Arborists have welcomed a new standard that would give them closer involvement in building projects, unveiled at the Arboricultural Association’s annual conference, held in Exeter last week.
British Standard BS 5387, which covers the relationship between trees and new buildings, has been extensively revised. Under the new standard, arborists will be expected to survey any major building site, assess the trees and make recommendations on which trees should stay. They would also recommend ways of protecting roots during building works.
Arboricultural Association director Nick Eden welcomed the new standard: “It’s good for trees and it puts arborists at the centre of developments.” He also criticised local authority inefficiency caused by a lack of proper planning.
The conference gave advance details of the new Trees in Town survey, which will be published shortly by the Office of the Deputy Prime Minister (ODPM) and which reveals the failings of local authorities.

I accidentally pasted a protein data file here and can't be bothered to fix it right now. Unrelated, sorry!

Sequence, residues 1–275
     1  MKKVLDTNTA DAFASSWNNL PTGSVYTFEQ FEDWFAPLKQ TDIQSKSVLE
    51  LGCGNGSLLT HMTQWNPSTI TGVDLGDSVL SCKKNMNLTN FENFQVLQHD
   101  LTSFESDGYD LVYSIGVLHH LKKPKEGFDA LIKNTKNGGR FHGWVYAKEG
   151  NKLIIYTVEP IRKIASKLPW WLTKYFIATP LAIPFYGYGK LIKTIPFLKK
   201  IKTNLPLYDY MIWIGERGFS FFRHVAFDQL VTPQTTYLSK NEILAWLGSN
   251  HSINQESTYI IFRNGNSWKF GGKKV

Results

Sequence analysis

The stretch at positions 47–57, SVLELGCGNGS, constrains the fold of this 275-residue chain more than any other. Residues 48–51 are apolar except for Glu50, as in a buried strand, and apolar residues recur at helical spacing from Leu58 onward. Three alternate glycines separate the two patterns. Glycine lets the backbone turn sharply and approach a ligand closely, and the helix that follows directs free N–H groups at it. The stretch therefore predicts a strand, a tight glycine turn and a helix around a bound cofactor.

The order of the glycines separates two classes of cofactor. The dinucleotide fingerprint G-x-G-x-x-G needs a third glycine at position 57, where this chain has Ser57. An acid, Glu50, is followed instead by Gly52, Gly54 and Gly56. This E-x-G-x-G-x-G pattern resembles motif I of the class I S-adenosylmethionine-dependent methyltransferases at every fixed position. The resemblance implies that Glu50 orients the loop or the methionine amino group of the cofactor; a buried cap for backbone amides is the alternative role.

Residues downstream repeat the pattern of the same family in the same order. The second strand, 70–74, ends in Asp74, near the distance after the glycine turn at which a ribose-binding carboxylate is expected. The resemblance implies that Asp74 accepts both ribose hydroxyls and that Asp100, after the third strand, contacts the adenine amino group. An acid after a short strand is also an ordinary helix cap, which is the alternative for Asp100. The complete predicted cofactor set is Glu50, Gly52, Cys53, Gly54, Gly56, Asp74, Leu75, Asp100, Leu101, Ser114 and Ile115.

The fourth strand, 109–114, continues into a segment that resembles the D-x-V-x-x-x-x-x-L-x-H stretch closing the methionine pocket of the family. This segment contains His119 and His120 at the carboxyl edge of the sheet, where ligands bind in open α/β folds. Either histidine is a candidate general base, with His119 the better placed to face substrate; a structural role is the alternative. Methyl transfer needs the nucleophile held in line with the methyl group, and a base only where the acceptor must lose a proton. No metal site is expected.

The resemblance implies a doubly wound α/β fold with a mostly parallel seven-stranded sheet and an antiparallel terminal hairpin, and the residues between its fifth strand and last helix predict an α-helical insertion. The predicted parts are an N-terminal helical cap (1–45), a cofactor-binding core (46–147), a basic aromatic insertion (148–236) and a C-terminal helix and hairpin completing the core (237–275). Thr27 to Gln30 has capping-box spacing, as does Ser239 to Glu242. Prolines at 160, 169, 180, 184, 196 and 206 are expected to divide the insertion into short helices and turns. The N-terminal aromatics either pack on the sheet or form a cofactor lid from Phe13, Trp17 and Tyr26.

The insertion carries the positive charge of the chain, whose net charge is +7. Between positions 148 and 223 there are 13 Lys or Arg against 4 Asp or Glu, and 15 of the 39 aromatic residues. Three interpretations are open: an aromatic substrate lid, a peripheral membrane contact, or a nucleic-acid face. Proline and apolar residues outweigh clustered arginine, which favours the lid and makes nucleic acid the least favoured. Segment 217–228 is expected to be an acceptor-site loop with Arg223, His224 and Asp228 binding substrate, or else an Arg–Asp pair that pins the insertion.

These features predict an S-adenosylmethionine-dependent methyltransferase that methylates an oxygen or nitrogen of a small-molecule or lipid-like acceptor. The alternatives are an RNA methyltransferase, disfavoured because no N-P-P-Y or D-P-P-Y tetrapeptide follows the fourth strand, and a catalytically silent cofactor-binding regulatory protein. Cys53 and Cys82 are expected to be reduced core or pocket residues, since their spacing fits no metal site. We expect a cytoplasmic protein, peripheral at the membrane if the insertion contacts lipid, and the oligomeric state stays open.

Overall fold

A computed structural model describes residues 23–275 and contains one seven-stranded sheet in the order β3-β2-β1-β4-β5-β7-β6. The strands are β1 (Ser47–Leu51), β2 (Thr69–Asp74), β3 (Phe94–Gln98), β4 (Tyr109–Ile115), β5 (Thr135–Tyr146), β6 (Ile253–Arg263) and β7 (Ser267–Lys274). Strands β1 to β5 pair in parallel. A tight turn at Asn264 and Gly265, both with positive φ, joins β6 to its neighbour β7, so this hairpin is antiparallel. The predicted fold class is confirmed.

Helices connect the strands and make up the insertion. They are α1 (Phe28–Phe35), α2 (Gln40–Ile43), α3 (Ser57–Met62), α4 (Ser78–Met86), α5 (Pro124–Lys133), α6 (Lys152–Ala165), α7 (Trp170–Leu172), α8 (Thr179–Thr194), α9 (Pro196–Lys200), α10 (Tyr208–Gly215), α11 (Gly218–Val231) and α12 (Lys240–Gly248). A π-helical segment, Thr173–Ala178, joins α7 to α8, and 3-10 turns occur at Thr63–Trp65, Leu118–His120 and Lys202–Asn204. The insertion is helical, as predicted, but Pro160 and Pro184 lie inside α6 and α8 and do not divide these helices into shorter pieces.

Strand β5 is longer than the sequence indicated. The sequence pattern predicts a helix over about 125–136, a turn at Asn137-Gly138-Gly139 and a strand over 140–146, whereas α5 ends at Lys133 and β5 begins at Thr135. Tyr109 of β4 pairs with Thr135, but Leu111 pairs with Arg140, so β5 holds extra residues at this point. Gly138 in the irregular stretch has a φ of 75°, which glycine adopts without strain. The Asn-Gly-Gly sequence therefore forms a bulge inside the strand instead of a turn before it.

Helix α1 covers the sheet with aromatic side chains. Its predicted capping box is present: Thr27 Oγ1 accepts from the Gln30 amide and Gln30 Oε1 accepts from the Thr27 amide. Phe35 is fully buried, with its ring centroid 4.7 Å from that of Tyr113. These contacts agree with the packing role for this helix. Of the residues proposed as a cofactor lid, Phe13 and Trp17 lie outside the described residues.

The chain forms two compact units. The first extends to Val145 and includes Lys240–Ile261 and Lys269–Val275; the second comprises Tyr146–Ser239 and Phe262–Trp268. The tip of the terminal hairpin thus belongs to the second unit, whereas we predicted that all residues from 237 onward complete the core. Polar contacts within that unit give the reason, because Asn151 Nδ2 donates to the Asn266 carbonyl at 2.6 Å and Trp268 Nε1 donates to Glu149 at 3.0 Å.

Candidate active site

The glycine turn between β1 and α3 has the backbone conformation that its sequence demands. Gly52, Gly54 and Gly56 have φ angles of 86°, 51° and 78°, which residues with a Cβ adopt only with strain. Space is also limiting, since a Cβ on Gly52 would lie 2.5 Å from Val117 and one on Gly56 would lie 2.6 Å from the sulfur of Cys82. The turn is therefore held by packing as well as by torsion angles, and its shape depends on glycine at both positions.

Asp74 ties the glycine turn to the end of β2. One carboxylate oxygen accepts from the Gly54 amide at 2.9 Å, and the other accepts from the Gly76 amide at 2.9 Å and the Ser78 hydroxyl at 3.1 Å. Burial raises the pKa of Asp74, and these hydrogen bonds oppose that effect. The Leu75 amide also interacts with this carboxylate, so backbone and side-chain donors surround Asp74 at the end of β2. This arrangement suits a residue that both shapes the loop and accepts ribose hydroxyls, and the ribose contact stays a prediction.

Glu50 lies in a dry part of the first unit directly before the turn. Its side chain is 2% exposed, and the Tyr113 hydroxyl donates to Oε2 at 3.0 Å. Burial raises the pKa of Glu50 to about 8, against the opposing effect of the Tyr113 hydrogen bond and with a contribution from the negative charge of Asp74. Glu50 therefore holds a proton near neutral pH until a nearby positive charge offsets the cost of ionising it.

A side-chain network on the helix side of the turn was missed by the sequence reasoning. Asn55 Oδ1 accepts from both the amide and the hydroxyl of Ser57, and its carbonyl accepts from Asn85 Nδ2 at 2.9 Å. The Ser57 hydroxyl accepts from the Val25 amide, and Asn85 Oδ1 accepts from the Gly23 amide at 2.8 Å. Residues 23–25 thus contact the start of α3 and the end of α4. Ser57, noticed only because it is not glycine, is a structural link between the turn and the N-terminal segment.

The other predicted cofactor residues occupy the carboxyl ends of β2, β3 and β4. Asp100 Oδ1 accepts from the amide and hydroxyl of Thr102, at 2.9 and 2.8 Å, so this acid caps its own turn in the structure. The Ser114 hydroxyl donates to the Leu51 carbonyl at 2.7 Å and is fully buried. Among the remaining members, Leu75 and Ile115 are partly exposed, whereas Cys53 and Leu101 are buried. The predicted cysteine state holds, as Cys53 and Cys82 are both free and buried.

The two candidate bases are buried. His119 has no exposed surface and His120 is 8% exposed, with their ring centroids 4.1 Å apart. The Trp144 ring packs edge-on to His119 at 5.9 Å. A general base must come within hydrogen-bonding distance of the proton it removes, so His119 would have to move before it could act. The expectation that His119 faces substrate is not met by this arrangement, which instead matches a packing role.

ODPM arborist Peter Annett revealed that 75 per cent of local authorities fail to make a proper assessment of the tree budget needed. In addition, 70 per cent of local authority tree work is unplanned and carried out in response to problems. Thirty-five per cent of trees are not given any post-planting maintenance, which means they are far more likely to die.
The conference also heard from US independent consultant Tony Mucciardi, who has helped develop new ways of using radar to detect the presence of roots under soil.
# Fountains won the tree climbing and utility skills competition for the third year running. The team was Andrew Huggins, Neil Austin and Matthew Flynn.
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